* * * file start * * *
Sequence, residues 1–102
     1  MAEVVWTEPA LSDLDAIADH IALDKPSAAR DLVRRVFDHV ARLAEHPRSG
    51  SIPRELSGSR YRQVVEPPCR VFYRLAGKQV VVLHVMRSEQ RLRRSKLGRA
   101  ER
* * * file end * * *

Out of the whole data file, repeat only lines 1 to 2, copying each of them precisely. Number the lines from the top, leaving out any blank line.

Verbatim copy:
Sequence, residues 1–102
     1  MAEVVWTEPA LSDLDAIADH IALDKPSAAR DLVRRVFDHV ARLAEHPRSG